Booking is well under way for this autumn's clinical conferences, jointly run by Replay Learning and Optician. The conferences include a choice of lectures and seminars for optometrists and dispensing opticians. In previous weeks, there have been reviews of the clinical conference in Bradford on Sunday September 23, and in Egham, Surrey on Sunday, October 7.
There are also conferences in Birmingham on Sunday, October 21 and in central London on Sunday, November 4. This week, we preview the range of lectures planned for the clinical conference at Austin Court, in the heart of Birmingham.
Contact lens complications
To start the morning session, Anna Sulley, optometrist and contact lens practitioner from Farnham, will discuss how to tackle individual complications in contact lens practice. Using images, video and live demonstrations, Sulley will show delegates how to form the best plan of action. Lid margin disease and the differential diagnosis and management of mechanical complications and inflammatory events will be covered. The second morning lecture will be given by local ophthalmologist Sajjad Haider, who will talk on the management of glaucoma in primary care. With the government drive to devolve management of chronic disease to primary care, optometrists are increasingly likely to become involved with the care of glaucoma patients. Diagnostic techniques, medical and surgical interventions and the issues of co-management will be discussed.
Alternative morning sessions include lectures by optometrist Peter Charlesworth and ophthalmologist Ian Simmons. They will cover progressive power lenses and childhood squints respectively. Charlesworth will review the evolution of progressive-power lens design and will outline the advances made possible by modern manufacturing methods. Simmons will discuss the most common presentations of childhood squint and how each can be managed.
The morning session will see two manufacturer-sponsored seminars. In the first, sponsored by Bausch & Lomb ophthalmologist Christopher Brand will review the role of nutrition in the prevention and management of age-related macular degeneration. Brand will review the disease process giving rise to AMD and will present research results to highlight the importance of micronutrients. In the second seminar, sponsored by Essilor, Nick Hornsby will discuss the effects of chronic exposure to UV on the eye and will look at the evolution of variable tint lenses from glass photochromic to modern-day plastics.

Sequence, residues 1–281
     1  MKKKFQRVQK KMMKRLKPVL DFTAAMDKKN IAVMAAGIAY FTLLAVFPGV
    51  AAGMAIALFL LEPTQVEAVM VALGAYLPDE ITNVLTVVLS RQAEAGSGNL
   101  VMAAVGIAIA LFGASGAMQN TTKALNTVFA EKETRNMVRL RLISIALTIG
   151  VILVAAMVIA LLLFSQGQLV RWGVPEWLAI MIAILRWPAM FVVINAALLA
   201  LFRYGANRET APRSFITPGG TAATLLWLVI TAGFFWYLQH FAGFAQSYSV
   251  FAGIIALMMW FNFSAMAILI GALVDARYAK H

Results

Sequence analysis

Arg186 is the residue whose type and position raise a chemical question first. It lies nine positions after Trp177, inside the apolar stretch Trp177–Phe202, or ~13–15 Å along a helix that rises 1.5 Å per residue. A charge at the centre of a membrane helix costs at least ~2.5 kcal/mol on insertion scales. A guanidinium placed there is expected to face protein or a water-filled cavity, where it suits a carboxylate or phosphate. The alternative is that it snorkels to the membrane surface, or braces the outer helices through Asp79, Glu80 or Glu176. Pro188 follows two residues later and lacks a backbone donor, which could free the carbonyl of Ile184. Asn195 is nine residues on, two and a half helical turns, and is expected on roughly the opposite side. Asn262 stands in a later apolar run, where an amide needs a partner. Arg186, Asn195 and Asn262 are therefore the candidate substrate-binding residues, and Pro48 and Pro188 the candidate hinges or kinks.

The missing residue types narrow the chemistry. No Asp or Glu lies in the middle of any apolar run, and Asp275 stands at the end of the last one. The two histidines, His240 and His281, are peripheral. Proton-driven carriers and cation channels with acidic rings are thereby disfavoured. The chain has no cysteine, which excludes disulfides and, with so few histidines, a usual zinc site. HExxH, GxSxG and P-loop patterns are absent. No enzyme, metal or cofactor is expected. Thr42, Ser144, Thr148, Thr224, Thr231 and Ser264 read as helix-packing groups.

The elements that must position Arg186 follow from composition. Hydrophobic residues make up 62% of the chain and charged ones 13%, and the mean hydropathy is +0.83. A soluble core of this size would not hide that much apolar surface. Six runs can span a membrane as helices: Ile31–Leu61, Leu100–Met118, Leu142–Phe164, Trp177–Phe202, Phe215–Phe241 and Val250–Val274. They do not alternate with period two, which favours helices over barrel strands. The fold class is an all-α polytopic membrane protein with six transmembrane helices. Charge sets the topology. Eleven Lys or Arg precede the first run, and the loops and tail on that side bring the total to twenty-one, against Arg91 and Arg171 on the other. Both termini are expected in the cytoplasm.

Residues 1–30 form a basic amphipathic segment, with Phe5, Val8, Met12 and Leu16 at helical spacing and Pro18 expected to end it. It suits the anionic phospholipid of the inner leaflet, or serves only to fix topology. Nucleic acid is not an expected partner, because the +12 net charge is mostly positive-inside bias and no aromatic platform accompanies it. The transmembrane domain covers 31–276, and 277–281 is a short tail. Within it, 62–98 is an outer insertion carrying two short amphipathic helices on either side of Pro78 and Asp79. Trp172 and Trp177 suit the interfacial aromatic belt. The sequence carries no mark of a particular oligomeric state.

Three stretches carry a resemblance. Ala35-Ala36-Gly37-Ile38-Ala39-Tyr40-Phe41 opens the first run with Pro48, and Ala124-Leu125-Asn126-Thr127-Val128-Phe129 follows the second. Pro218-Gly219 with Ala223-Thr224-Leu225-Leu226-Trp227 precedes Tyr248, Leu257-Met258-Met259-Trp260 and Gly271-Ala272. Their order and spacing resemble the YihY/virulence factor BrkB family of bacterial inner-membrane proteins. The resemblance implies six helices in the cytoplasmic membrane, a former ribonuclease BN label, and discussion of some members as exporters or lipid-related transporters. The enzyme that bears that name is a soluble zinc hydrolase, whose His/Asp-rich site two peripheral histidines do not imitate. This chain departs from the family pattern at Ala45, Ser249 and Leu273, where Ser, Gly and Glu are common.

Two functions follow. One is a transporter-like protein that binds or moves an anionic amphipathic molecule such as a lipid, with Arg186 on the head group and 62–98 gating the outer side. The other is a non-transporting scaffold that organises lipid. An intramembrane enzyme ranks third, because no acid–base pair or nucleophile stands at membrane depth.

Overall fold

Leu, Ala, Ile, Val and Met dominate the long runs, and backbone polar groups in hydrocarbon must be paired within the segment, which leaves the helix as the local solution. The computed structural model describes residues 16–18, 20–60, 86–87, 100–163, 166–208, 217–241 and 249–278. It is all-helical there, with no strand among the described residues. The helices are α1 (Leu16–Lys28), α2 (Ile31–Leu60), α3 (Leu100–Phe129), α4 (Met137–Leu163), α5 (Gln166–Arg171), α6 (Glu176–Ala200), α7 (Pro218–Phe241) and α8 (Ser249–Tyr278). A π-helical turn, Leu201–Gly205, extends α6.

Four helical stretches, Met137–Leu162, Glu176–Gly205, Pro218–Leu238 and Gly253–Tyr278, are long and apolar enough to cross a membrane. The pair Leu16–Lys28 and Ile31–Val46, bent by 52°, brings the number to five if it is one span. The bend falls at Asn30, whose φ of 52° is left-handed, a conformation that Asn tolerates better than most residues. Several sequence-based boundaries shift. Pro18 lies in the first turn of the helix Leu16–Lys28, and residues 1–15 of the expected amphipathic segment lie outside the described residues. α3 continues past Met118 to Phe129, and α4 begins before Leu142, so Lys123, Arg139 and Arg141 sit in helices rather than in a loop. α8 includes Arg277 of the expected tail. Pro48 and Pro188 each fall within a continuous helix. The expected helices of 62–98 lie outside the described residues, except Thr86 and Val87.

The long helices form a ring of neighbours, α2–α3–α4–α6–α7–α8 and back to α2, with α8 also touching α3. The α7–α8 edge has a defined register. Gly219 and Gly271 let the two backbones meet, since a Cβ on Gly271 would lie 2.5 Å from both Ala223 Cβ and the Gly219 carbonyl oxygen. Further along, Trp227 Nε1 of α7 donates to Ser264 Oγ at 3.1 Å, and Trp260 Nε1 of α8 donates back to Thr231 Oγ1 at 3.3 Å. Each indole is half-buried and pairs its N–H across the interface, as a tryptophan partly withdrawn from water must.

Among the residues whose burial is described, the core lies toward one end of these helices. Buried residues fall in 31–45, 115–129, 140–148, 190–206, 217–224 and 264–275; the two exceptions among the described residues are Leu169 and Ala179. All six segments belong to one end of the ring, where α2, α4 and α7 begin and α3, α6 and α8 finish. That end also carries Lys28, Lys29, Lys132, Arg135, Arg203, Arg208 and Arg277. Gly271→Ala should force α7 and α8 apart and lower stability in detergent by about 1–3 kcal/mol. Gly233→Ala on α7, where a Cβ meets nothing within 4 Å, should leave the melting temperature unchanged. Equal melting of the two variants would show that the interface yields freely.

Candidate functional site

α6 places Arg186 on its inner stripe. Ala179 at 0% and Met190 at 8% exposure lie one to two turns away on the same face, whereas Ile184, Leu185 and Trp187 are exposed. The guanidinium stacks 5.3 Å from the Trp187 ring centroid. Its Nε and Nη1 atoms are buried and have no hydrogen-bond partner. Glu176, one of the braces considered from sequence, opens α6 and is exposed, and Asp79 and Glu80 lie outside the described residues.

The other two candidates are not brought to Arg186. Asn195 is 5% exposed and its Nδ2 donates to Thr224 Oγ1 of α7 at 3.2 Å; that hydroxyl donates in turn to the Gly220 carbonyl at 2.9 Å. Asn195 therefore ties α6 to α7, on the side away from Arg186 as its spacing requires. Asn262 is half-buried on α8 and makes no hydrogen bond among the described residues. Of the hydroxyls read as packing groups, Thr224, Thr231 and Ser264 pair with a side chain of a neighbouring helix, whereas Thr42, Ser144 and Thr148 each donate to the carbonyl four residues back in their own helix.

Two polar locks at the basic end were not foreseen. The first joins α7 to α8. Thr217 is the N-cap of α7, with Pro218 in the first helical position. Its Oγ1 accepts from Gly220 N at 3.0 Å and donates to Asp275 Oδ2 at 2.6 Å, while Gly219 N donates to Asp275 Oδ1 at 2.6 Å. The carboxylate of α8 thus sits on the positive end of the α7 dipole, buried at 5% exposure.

The lunch-time session features an optical supplier exhibition and two case history poster quizzes. Comprising 12 cases for optometrists and 12 for dispensing opticians, the quizzes replicate common scenarios and provide a catalyst for clinical discussion. Both are approved for CET. Alongside the exhibition there will be two lunch-time lectures. In the first, Peter Charlesworth will ask 'Are you sure that's legal?' and will review legislation affecting everyday practice. His discussion will include answers to queries such as what professionals should do when asked to provide a PD for a patient to take elsewhere, or when professionals can dispense glasses without a prescription. In the second lecture, Ian Cameron, optometrist and former Optician Award nominee, will demonstrate Volk lens technique. He will also explain how to examine the fundus properly and how to confidently identify and differentiate between common retinal conditions.
The first afternoon lecture will be given by Michael Doughty, research professor at Glasgow Caledonian University, and will cover current issues in ocular therapeutics. Doughty will provide an update on preparations and will focus on dry eye and its management in routine practice.
The final session of the day will take the form of a debate. Shehzad Naroo from Aston University will argue that recent advances in refractive surgery now make it a better option for vision correction than contact lenses. Philip Morgan from Eurolens Research in Manchester will argue against.
In alternative afternoon sessions, dispensing opticians will be able to get 'Up close and personal' with ABDO examiner Duncan Counter as he reviews the individual tailoring of spectacles, from hand-made frames to personalised progressive power lenses. Using a range of products, Counter will look beyond the usual mass-produced products in the search for a more personal solution. Staying with the dispensing theme, Sally Bates, a part-time lecturer at ABDO College, will round off the day by looking at progressive problem-solving. She will give tips and guidelines for investigating and solving common causes of non-tolerance to progressive power lenses.
Afternoon seminars are sponsored by Johnson & Johnson and Optos. The first will explore how silicone hydrogels have become the contact lens material of choice. With an ever-expanding range of products available in silicone hydrogel material, Ian Pyzer will review recent advances in this area and will predict future developments. In the second seminar, optometrist Simon Barnard will present case histories of peripheral retinal disease and will consider how these can be differentiated from normal variations. Delegates will be encouraged to discuss the cases to arrive at a diagnosis and course of management.
All four of the autumn clinical conferences will feature an exhibition of leading suppliers.
● To book your place, call Replay Learning on 0870 881 0715 or book online at www.replaylearning.com